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Vehicle-accessible camping

This park offers vehicle-accessible campsites on a first come, first served basis at the Summit Lake area of the park. Campsite reservations are not accepted. Camping fees are payable in cash only.

Vehicle-accessible camping fee$20 per party per night
BC seniors’ rate (day after Labour Day to June 14 only)$10 per senior party per night

For information on the BC seniors’ rate, see the camping fees page. 

Wilderness camping

Wilderness camping is allowed, but no facilities are provided.

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Accessibility information

Accessibility information is available for this park.

Drinking water
Cold water taps are located throughout the park. Taps are shut off during the off-season.
Boat launch
There is a single boat launch that is rocky and not well maintained.

Campfires are allowed and campfire rings are provided at each campsite. We encourage visitors to conserve wood and protect the environment by minimizing the use of fire and using campstoves instead. Firewood can be purchased in the park or you may bring your own wood. Fees for firewood are set locally and may vary from park to park. Limited burning hours or campfire bans may be implemented. 

To preserve vegetation and ground cover, please don’t gather firewood from the area around your campsite or elsewhere in the park (this is a ticketable offence under the Park Act). Dead wood is an important habitat element for many plants and animals and it adds organic matter to the soil.

Picnic areas

This park has a day-use and picnic area.

Pit or flush toilets

This park only has pit toilets, no flush toilets.

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For your own safety and the preservation of the park, obey posted signs and keep to designated trails. Shortcutting trails destroys plant life and soil structure.

In Stone Mountain Park, several short hikes start from the Summit Lake Campground area.

Summit Peak Trail

A 5km round-trip hike leads through lodgepole pine forest to a spectacular view of the alpine area. Recommended only for fit individuals.

Erosion Pillars Trail

A short walk (just over one kilometre) leaves across from Rocky Crest Lake and leads to a view of several hoodoos.

Flower Springs Trail

A 5.7km round-trip hike to alpine lakes, alpine flowers and waterfalls.

For the more adventuresome, longer hikes lead into the backcountry of Stone Mountain Park and Wokkpash area (now part of the Northern Rocky Mountains Park). Only experienced backpackers with map and compass skills and proper equipment should attempt to hike these routes. Anyone planning a backcountry trip to Stone Mountain Park or Wokkpash area should obtain and carry the appropriate topographical maps. This area is covered by maps 94K/7 and 94K/10 at a 1:50,000 scale.

MacDonald Creek Valley Trail

Trailhead is located near kilometre 632 of the Alaska Highway across from Baba Canyon, 3km west of Rocky Crest Lake. Plan to spend two to five days on this 35km hike.

Wokkpash Valley-MacDonald Creek Loop Trail

The best of both the Wokkpash and Stone Mountain Park can be explored on a 70km loop trek that can be hiked in five to seven days. The recommended start point is the Old Churchill Mine Road at km 645.25 of the Alaska Highway. Cross the MacDonald Creek and travel 17km down the road to the trailhead.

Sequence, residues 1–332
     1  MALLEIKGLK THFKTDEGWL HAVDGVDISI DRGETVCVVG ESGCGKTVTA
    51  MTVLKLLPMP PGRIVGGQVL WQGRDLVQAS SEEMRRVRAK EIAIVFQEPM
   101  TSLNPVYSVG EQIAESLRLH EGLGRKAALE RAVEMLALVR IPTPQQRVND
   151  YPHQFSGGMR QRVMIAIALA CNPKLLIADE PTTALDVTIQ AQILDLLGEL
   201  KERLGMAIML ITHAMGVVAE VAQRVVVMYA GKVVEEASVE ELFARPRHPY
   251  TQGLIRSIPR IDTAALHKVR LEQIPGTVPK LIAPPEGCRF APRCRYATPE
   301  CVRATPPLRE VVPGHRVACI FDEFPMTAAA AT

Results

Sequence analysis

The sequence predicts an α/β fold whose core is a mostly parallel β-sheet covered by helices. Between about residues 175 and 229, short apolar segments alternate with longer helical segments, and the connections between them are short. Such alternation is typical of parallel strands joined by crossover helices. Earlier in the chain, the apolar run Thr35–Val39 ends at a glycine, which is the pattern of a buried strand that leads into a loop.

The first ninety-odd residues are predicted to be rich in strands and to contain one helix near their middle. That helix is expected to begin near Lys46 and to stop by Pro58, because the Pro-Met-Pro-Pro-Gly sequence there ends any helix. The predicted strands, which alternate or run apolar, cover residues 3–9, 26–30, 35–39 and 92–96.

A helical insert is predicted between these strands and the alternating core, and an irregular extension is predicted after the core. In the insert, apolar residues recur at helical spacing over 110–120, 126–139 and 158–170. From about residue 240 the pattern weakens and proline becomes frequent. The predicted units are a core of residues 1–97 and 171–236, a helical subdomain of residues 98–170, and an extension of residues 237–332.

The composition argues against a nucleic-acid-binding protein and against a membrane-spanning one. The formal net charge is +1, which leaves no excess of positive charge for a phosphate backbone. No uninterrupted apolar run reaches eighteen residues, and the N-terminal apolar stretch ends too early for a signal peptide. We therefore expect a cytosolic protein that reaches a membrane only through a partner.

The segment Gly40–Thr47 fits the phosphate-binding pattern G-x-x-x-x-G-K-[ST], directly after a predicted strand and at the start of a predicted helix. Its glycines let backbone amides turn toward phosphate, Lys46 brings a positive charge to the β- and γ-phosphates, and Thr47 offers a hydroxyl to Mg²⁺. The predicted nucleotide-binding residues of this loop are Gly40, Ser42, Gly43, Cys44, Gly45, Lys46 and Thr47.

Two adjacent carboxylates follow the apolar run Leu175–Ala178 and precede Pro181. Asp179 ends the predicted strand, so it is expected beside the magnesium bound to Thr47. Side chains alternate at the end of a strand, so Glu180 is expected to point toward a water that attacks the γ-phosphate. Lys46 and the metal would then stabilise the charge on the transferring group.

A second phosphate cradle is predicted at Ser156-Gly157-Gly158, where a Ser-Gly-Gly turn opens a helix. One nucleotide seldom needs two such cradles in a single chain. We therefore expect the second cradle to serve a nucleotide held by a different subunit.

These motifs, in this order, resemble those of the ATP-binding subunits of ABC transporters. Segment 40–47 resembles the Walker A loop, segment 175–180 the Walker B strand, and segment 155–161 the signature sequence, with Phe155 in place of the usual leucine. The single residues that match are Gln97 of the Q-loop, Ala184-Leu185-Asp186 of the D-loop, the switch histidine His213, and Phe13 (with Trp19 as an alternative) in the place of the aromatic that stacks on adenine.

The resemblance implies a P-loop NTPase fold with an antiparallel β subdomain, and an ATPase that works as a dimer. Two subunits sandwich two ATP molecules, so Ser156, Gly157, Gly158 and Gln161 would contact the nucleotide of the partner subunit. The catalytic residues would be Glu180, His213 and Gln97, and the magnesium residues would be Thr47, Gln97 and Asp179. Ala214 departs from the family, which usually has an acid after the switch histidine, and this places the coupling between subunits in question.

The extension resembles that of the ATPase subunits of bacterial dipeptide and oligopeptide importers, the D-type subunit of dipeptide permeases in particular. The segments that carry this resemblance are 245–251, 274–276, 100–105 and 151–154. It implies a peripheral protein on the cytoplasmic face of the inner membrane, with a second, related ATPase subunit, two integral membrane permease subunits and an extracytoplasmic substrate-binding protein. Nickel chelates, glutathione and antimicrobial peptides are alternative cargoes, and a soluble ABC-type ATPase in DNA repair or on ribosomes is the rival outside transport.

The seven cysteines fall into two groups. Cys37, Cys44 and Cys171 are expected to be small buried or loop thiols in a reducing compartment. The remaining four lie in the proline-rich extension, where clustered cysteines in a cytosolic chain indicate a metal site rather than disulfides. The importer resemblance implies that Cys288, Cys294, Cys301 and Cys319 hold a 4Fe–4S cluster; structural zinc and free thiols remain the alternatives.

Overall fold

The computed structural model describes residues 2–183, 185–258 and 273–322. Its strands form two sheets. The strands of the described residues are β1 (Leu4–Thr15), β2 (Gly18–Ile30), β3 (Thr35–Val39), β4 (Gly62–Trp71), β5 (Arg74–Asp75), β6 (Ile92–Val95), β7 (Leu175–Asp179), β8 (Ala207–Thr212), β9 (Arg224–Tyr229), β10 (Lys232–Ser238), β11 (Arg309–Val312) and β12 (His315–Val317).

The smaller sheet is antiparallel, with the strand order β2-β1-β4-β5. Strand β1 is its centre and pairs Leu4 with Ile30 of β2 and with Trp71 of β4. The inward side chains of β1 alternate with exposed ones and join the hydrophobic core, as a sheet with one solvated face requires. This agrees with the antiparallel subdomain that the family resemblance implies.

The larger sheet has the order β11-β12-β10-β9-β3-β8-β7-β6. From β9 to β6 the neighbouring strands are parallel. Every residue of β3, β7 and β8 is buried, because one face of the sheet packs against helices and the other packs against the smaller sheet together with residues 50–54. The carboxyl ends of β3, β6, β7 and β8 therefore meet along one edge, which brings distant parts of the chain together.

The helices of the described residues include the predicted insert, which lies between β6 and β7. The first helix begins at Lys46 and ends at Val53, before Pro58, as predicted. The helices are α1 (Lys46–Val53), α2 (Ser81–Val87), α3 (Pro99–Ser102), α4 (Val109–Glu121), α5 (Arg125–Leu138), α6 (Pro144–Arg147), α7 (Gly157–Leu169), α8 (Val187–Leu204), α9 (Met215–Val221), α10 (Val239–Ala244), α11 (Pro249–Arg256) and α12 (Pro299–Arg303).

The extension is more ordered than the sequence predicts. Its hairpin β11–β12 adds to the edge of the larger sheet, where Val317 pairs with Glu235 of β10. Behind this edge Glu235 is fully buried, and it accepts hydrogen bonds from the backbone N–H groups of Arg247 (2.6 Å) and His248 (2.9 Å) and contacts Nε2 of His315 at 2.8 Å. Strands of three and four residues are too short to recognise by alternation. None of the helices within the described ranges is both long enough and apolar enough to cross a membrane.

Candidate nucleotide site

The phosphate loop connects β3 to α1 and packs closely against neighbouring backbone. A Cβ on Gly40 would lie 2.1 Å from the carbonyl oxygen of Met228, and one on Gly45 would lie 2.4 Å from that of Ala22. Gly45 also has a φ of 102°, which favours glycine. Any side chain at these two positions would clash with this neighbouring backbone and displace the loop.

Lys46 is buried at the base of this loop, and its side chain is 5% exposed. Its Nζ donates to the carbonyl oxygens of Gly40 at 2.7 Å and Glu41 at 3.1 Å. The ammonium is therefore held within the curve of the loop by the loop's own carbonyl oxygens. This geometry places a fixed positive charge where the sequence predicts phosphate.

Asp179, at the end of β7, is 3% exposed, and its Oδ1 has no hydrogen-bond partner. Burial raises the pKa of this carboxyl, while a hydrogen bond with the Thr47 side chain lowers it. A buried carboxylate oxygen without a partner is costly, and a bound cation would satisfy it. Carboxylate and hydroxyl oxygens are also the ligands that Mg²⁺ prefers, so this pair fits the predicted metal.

The trail follows Wokkpash Creek, then travels up through trees above Wokkpash Gorge and reaches Forlorn Creek. From here, follow Wokkpash Creek to travel around the east side of Wokkpash Lake to Plug Creek. Follow the trail markers and cairns to the pass behind Whitestone Ridge, follow the valley on the east side of Whitestone Ridge to Last Call Lake, then down alongside MacDonald Creek. The trail exits at Babba Canyon near km 632 of the Alaska Highway.

For information on hiking excursions offered by private companies, see Tetsa River Outfitters.

Summit Lake provides an opportunity for peaceful canoe and kayak trips.

Anglers can try their luck for mountain whitefish, rainbow and lake trout at Summit Lake or for arctic grayling along MacDonald Creek. Anyone fishing or angling in British Columbia must have an appropriate licence.

Wildlife viewing
There are wildlife viewing opportunities in the park.
Pets on leash

Pets and domestic animals must be on a leash at all times and are not allowed in beach areas or park buildings. You are responsible for their behaviour and must dispose of their excrement. Backcountry areas are not suitable for dogs or other pets due to wildlife issues and the potential for problems with bears.


Bicycles must keep to roadways. Bicycle helmets are mandatory in British Columbia.

Please note that bicycles with electric assist motors (e-bikes) are not allowed on the trails within Stone Mountain Park. E-bikes are restricted to park roads and areas where motorized use is permitted. The only exception to this policy will be for authorized and identified trail maintenance bikes conducting work on behalf of BC Parks.

Horseback riding

Stone Mountain Park offers opportunities for backcountry horseback riding. Riders should be experienced and prepared for wilderness travel, as there are no designated trails.


The park is open to hunting. All hunters to the area should refer to the current BC Hunting & Trapping Regulations Synopsis for more information. For information on hunting excursions offered by private companies, see Tetsa River Outfitters.

Winter recreation
There are winter recreation opportunities in the park.